In an article that appeared in The Biblical Repertory and Theological Review in the year 1833, Archibald Alexander translated a large section of N. Arnold's refutation of the Racovian Catechism. Alexander saw the relevance of the older Reformed response to the Socinians as he wrestled with the emerging theological errors of his own day. He saw that heresy never dies and concluded:
One thing must have struck the reader as remarkable, namely, that the modern arguments, by which error attempts to defend her cause, are precisely the same as those employed for centuries past. We know, indeed, that those who now adopt and advocate these opinions, greatly dislike this comparison of modern theories with ancient heresies, and denounce it as invidious.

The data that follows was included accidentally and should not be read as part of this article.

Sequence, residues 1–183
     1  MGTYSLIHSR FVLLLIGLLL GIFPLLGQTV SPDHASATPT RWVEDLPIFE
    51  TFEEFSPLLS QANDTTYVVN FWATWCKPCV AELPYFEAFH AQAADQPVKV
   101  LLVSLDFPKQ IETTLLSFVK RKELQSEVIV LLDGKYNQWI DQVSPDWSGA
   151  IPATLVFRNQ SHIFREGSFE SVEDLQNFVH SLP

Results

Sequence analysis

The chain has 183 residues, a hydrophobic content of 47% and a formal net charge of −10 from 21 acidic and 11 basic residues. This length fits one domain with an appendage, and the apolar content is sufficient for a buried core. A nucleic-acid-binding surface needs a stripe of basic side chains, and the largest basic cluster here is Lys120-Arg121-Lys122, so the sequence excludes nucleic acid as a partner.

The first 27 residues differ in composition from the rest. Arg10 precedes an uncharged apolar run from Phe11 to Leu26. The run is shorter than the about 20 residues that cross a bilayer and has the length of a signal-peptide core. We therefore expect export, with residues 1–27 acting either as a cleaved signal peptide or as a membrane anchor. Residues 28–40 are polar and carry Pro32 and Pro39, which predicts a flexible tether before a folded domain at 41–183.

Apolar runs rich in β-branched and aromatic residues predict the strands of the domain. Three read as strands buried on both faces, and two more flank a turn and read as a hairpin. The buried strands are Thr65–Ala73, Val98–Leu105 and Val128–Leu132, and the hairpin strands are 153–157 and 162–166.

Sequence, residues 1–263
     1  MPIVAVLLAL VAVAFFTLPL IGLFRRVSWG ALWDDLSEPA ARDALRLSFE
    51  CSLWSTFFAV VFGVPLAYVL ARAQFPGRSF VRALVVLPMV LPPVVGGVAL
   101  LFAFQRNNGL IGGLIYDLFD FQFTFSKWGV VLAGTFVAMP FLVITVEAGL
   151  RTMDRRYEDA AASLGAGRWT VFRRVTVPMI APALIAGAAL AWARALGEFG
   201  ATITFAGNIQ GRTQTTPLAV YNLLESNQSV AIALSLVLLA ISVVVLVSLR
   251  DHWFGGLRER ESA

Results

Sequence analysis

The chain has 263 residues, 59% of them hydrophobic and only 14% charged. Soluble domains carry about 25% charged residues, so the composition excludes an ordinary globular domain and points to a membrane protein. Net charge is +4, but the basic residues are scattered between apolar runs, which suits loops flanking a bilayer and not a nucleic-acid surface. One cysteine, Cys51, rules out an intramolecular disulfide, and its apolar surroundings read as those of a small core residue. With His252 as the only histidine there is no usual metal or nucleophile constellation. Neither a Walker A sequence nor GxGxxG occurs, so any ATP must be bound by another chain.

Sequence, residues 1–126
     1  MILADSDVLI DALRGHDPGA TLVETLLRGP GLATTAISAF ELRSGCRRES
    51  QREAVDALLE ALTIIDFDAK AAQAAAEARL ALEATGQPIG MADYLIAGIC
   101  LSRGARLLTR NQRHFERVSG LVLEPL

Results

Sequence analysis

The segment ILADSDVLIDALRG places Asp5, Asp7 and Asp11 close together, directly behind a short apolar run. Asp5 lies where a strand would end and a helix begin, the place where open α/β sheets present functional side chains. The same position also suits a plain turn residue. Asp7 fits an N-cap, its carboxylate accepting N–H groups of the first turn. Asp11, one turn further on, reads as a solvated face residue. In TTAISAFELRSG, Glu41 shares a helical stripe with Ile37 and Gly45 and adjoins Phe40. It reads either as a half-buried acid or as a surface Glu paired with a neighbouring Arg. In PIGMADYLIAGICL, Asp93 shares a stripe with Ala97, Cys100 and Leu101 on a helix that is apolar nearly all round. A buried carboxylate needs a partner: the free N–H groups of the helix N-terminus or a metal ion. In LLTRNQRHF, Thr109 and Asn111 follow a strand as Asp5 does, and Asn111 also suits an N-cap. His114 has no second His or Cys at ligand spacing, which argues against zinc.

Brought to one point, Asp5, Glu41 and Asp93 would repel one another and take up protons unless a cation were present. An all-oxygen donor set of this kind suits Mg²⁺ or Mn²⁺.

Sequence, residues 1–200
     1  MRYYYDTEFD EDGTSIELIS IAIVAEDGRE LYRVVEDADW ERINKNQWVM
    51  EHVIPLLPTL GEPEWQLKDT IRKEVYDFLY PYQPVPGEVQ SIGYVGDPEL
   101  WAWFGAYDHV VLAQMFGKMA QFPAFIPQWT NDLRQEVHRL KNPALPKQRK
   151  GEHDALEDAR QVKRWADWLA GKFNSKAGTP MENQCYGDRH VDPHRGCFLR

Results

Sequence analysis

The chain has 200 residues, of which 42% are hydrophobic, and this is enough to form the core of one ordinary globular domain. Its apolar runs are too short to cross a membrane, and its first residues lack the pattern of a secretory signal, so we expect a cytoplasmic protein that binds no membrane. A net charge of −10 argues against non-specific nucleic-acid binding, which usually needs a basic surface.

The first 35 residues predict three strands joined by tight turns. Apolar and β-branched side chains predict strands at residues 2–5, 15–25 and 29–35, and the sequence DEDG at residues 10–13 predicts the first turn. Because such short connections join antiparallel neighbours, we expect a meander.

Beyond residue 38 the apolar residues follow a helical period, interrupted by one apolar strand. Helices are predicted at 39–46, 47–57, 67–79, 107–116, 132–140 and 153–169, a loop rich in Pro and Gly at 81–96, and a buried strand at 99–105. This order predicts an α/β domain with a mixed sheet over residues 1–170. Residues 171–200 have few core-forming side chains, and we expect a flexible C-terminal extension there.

But why should it be so considered? Or why should they be unwilling to acknowledge the conformity of their opinions with those of ancient times, when the agreement is so manifest, not only in the doctrines themselves, but in the arguments and interpretations of Scripture, by which they attempt to support them?